Summary of algorithm to use "promise tuples" for concurrency control
1. Perform btree search to location of key, if it exists.
a) If an unkilled index tuple exists, we decide this is an UPDATE and
drop straight thru to step 2
b) If it does not exist, insert a "promise" tuple into unique index(s)
- marked with the xid of the inserting transaction, but using the key.
This happens while the page is locked, so it is not possible to insert
a second promise tuple concurrently.
Record the btree blockid on the index scan and move to step 3
When later insert scans see the promise tuple they perform
XactLockTableWait() and when they get control they look again for the
key. If they find a promise tuple with an aborted xid they replace
that value with their own xid and continue as a). Otherwise b).
2. Find existing heap tuple
Find heap tuple.
Check it is actually valid. If not, go back to (1), kill the prior
tuple and follow 1b) path
If it is valid, perform heap_update as normal.
3. Insert new heap tuple
Re-find index tuple using the btree blockid recorded at step 1; this
may require moving right until we find the actual value we are looking
for, so block splits don't negatively affect this approach.
Once re-found we change the index tuple from a promise tuple to a
normal index tuple, by setting tid and removing promise flag. Tuple
remains same length because the value was known when promise tuple
inserted, so this is an inplace update.
Insert other index values normally.
If a transaction that inserted a promise tuple dies, how is that cleaned up?
Any user that sees a dead promise tuple with a value they want will clean it up.
Dead promise tuples can be removed as needed, just as killed tuples
VACUUM can remove dead transactions from index as it scans, no problems.
Index bloat is less of a problem than with normal inserts since there
are additional ways of removing promise tuples. Only one index tuple
at a time can have a specific value, so we would actually reduce heap
bloat caused by concurrent inserts.
It's possible we find existing rows that we can't see according to our
snapshot. That is handled in exactly the same as the way we treat
There is a potential loop here in that we might find an index tuple,
follow it, find out the tuple is actually dead then return to insert a
promise tuple, only to find that someone else just did that and we
have to wait/re-follow the link to update the new tuple. That is an
extremely unlikely race condition, though possible; there is no heavy
locking to prevent that in this approach. In principle deadlocks are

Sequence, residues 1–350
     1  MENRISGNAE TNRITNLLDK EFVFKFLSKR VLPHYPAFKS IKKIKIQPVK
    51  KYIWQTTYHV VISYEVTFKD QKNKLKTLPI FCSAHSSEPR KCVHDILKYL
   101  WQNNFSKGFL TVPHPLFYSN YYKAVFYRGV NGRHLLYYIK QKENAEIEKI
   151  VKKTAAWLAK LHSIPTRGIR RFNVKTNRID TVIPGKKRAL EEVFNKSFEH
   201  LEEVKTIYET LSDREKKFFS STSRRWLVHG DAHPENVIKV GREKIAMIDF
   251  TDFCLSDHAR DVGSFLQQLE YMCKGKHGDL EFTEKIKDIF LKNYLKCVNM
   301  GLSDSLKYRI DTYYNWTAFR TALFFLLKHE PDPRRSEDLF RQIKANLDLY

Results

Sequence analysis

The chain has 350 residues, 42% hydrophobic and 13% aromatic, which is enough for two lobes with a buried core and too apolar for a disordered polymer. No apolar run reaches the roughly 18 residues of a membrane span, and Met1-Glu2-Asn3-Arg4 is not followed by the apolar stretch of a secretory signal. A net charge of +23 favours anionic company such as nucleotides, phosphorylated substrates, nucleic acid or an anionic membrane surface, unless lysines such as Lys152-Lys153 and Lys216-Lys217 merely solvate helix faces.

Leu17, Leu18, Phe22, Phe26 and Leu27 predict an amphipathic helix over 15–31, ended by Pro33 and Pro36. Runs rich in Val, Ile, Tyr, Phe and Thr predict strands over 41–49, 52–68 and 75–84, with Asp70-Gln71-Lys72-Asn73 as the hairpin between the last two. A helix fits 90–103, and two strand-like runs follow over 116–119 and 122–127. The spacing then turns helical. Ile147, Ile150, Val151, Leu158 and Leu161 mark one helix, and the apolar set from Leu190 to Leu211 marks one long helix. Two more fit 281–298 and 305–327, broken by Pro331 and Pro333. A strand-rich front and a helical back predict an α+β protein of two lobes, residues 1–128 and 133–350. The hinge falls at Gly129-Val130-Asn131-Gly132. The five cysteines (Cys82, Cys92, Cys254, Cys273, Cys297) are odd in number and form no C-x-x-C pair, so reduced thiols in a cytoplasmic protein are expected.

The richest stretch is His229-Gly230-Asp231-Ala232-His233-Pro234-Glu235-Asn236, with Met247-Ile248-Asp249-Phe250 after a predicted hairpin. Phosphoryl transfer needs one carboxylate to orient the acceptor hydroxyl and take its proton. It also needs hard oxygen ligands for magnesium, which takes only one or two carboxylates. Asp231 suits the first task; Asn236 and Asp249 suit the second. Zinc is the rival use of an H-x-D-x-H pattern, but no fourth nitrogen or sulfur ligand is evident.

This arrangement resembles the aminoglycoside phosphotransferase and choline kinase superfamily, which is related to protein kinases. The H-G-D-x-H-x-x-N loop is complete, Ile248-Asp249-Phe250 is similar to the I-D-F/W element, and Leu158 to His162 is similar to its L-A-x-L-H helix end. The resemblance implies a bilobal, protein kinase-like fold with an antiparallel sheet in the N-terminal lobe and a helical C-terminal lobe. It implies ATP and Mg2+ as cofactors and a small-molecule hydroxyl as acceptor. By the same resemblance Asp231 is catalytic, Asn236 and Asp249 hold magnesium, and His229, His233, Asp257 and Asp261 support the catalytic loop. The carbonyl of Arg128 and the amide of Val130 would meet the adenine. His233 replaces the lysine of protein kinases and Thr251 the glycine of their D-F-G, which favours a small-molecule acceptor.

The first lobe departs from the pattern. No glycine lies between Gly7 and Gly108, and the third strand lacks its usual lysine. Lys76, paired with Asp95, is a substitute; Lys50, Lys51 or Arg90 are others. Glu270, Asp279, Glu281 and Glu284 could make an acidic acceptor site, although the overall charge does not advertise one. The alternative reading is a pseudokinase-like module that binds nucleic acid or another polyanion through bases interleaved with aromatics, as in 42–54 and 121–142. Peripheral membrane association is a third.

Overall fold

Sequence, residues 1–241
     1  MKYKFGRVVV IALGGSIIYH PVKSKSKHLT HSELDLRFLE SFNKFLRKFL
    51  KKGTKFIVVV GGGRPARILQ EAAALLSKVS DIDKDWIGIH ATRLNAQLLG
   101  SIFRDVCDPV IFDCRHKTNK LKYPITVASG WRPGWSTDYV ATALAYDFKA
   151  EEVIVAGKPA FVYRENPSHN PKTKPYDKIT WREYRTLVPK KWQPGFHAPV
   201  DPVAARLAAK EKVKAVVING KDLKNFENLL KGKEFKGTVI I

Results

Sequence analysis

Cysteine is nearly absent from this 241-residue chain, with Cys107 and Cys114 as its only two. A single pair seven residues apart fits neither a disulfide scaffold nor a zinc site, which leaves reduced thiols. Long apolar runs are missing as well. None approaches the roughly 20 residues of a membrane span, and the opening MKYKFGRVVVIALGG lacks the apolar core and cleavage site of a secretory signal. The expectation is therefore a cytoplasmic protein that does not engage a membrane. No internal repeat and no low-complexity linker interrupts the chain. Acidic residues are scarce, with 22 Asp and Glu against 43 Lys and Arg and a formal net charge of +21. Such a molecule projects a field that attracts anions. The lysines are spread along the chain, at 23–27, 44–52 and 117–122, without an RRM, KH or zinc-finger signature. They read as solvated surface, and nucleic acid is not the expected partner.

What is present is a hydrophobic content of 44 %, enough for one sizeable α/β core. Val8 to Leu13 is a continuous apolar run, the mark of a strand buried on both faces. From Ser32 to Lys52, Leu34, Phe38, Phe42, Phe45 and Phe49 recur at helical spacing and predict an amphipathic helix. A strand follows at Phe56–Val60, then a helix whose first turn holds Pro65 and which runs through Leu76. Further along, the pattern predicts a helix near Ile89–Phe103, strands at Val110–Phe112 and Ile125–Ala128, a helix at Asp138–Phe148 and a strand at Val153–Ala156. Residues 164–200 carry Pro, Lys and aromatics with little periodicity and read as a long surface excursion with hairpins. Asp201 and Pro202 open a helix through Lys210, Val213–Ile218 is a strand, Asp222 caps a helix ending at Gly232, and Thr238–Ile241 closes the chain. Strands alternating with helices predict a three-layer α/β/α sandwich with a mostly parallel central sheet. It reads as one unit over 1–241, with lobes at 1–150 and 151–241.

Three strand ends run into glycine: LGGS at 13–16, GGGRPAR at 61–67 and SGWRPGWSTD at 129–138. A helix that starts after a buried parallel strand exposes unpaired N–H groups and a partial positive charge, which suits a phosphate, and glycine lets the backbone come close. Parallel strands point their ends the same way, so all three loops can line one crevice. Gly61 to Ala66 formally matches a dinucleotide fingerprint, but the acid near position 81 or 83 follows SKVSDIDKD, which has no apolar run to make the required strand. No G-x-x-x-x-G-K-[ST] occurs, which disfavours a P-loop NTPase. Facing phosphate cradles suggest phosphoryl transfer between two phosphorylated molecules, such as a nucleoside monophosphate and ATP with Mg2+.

possible from that, but that is not any different from the current
case where people that insert same key at same time might cause
deadlocks. Its not a common application pattern and not something we
should be protecting against.
All of this is only needed for unique indexes.
It can handled by a new API call for acquire_value_lock() and
release_value_lock(), or similar.
* We don't do anything weird in the heap - if this breaks, data is not corrupt
* There is no heap bloat or index bloat above existing levels
* The approach leverages existing mechanism for transaction waiting
* Optimistic approach to value locking will improve performance over
heavy weight locking
* Not written yet - <1 month to code, still possible for 9.5, doesn't look hard
Other stated possible disadvantages
* Violates existing invariant that every index tuple has a
corresponding heap tuple, which goes back to the Berkeley days.
Currently, we always create heap tuples first, and physically delete
them last. [Why is that a problem? Could be, but why?]
("Deleting them last" implies something is being touched in that
regard by this suggestion. I'm not sure what you are referring to)
* Relatedly, concern about breaking VACUUM. VACUUMing of btrees occurs
with a list of TIDs to kill in index, built from the heap. Current
bulk delete callback cannot be used for this. Super-exclusive lock is
needed to delete tuples in btree page (i.e. VACUUM). Normally skipping
of LockBufferForCleanup() (as added by bbb6e559) works okay in heap
because it tends to imply that list of tids won't be bulk deleted in
index, where we currently cannot skip for failure to quickly acquire
super exclusive lock. So this could make the problem addressed by
bbb6e559 return to some extent.
[Don't see any problems; just test the xid as we scan a promise tuple
and remove it if needed]
"Index-only" bloat becomes a possibility. Implications are not well understood.
[FUD, no reason to believe there is a problem.]
We have to re-find any items using an ordinary index scan, not a tid.
Must match our xid to that.
[Explained above, easy and efficient.]
Doesn't have a strategy for dealing with unprincipled deadlocks, at
least at the moment. Presumably some aspects of #2 could be adopted
[FUD. Unprincipled deadlock still not properly explained as yet. No
way of telling whether it will happen with this approach, or not].
Simon Riggs http://www.2ndQuadrant.com/
PostgreSQL Development, 24x7 Support, Training & Services
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